Image: Internet Watch Foundation
Would you know what to do if you or a member of your family came across an illegal image online? The Internet Watch Foundation runs a hotline for reporting criminal online content in a secure and confidential way. We asked them to explain what they do…
When surfing the web we are all potentially a few clicks away from harmful and illegal imagery. The fact is, you don’t have to be exploring the hidden or ‘dark’ web, or even watching pornography to find something illegal popping up on your screen.
Luckily, most people will never come across illegal sexual content online. But it’s easier to find than you might imagine and if you do, there is somewhere you can go to report it.
The IWF is the UK Hotline for reporting illegal online sexual content, predominantly online child sexual abuse images and videos.
In 1996, the UK internet industry  founded the IWF as a means of ensuring their services were free of illegal content, specifically child sexual abuse material, sometimes, wrongly, called ‘child porn' . Today the IWF is an international hotline with 13 full-time analysts and a membership base of 117 companies, including Apple, BT, Google, Facebook and Virgin Media. Since 1996, the IWF has processed over 500,000 reports and removed over 150,000 URLs or webpages containing illegal sexual material globally.
Reporting illegal sexual material
Each working day, the IWF analysts work through reports made to the hotline, each assessing upwards of 80 different websites a day. In April 2014, the Department for Culture, Media and Sports of the UK government granted the IWF the unique ability to proactively seek out online child sexual abuse imagery, rather than simply take reports. That year, IWF analysts removed over 23,000 webpages containing illegal sexual content from searching.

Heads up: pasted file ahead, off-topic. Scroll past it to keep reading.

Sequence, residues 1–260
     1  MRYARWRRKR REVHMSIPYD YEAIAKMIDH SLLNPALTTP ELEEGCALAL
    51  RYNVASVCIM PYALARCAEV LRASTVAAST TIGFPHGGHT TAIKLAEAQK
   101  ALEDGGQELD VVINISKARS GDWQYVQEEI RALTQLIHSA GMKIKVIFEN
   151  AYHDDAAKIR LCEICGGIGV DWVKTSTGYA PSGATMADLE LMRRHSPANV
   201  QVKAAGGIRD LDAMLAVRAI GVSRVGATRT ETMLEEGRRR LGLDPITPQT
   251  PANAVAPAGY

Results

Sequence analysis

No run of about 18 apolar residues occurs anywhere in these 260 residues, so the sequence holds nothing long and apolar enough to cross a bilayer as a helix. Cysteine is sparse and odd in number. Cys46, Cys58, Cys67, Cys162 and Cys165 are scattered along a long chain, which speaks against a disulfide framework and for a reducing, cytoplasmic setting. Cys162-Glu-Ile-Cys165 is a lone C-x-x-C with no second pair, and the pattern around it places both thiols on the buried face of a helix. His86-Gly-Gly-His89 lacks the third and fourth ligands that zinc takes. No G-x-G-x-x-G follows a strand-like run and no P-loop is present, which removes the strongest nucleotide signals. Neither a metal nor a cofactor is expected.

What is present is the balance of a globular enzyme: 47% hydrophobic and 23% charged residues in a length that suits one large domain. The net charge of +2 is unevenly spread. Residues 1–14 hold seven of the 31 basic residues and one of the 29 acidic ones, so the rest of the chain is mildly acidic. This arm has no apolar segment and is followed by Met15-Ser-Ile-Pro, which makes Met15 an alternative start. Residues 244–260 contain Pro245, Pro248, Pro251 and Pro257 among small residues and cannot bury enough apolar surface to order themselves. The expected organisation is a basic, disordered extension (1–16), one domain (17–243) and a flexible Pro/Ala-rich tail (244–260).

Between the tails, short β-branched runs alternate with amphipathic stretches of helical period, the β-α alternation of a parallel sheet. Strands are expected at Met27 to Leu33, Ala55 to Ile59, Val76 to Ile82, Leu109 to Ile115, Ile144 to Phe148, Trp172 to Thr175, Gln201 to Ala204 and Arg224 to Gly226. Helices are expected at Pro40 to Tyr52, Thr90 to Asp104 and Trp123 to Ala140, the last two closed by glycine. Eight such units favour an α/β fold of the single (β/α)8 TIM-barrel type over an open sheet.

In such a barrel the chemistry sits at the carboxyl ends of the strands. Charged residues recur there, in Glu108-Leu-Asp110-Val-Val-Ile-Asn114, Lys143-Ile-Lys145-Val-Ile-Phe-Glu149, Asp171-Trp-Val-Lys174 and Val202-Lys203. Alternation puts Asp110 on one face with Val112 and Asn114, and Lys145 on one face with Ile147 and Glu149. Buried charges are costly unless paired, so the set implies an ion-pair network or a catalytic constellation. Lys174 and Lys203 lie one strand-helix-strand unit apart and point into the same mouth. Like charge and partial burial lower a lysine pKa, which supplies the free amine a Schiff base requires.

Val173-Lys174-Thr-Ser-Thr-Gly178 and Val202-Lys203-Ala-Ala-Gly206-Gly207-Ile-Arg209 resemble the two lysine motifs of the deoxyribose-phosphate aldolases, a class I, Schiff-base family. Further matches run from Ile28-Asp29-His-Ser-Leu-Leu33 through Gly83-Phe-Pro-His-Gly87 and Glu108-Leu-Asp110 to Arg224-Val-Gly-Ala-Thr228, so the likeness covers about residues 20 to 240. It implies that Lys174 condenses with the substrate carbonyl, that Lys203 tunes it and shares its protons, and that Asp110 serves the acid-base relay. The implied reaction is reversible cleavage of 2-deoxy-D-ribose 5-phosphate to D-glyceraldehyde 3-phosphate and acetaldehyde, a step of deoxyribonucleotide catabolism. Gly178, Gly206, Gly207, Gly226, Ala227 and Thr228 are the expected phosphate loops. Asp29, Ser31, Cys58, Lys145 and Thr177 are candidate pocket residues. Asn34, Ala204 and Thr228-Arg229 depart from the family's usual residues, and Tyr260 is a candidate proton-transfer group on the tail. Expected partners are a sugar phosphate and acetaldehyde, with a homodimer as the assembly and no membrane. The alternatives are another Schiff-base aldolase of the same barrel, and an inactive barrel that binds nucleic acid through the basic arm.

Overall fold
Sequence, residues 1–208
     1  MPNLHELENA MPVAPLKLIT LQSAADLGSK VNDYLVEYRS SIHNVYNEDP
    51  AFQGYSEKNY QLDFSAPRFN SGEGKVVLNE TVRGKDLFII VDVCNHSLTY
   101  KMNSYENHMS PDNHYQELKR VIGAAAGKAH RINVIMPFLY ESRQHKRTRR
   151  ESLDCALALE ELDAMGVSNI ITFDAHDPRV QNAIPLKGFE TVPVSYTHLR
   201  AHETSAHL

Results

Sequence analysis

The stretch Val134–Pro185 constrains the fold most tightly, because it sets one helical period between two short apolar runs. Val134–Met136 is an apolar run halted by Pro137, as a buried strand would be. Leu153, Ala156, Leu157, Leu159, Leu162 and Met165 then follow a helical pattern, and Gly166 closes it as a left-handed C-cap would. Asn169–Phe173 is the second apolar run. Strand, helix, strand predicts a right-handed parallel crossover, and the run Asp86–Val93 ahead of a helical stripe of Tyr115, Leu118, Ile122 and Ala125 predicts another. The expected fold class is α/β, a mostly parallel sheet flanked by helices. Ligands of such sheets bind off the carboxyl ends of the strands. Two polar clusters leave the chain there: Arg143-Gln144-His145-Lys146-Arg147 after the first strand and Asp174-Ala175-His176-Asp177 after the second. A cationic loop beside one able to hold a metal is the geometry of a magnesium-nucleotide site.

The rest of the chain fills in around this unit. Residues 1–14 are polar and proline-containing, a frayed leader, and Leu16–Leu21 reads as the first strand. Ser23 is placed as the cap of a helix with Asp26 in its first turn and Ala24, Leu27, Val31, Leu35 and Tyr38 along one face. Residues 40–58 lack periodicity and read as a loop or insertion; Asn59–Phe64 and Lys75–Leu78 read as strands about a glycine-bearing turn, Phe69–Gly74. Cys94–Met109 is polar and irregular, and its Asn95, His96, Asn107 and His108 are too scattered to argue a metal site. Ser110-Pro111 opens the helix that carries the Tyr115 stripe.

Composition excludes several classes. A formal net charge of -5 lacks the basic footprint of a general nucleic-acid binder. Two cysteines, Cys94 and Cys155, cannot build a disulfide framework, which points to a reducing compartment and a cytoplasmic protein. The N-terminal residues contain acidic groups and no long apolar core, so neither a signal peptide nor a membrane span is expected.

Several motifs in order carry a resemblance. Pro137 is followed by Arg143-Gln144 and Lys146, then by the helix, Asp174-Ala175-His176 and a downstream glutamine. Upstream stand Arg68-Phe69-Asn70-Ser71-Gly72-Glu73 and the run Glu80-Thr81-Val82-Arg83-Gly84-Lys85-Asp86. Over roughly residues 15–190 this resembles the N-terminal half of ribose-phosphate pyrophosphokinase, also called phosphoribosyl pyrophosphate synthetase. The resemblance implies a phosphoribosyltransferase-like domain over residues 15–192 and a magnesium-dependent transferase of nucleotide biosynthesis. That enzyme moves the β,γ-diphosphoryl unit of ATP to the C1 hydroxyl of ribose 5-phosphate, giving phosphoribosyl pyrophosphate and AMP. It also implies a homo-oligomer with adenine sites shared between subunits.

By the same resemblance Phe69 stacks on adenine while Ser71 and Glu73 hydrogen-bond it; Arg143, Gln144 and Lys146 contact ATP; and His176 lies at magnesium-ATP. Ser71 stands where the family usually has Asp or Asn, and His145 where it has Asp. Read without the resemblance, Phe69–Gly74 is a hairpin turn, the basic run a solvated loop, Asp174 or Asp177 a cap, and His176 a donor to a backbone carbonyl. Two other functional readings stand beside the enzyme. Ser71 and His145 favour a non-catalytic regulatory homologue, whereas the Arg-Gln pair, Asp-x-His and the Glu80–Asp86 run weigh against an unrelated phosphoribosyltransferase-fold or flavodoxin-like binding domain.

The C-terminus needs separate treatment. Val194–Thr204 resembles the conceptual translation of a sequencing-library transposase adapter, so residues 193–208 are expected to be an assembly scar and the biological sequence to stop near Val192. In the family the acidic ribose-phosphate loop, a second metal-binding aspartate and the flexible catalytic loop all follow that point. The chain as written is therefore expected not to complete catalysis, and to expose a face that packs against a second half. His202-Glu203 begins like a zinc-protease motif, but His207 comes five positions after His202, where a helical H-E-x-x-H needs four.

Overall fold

But what are we actually talking about when we say criminal online content, or illegal sexual material? These are the three types of criminal online content the IWF removes:
- Child sexual abuse content hosted anywhere in the world; (this can include an explicit or sexual ‘selfie’ which a young person has posted online, if its content is graphic.)
- Criminally obscene adult content hosted in the UK.
- Non-photographic content (animation and cartoons) depicting child sexual abuse hosted in the UK.
Statistics published in the 2014 Annual Report tell us that 80% of the victims seen by the IWF Hotline in 2014 were children aged 10 and under, and 43% of content removed showed sexual activity between adults and children including rape or sexual torture, otherwise known as category A.
What happens if a naked or sexual photo of a child is found online?
With the growth of the selfie and the increased ownership of mobile digital devices at a younger age, sexting has become a cause for concern for parents. Once shared, the control over the naked or sexual ‘selfie’ risks being posted and shared online.
If your child is aged 17 or under and finds that an explicit image of them has been shared, contact Childline to report the image or video. Childline will then complete an IWF referral form and both organisations will work together to safeguard your child and attempt to remove the content.
If you come across any content showing child sexual abuse, remember:
- Anyone can stumble across online child sexual abuse images and videos;
- You can make an anonymous and confidential report to the IWF via www.iwf.org.uk;
- Childline and IWF work together to remove online sexual images or videos of young people. Contact Childline at www.childline.org.uk.
About the IWF
The IWF is the Hotline to report:
- child sexual abuse content hosted anywhere in the world;
- criminally obscene adult content hosted in the UK;
- non-photographic child sexual abuse images hosted in the UK.
For more information please visit www.iwf.org.uk.
The IWF is part of the UK Safer Internet Centre.
- Founding members were internet service providers: BT, Virgin Media and AOL UK.
- The IWF uses the term child sexual abuse content. Other terms (child pornography, child porn and kiddie porn) are considered to legitimise images which are not pornography but records of children being sexually exploited.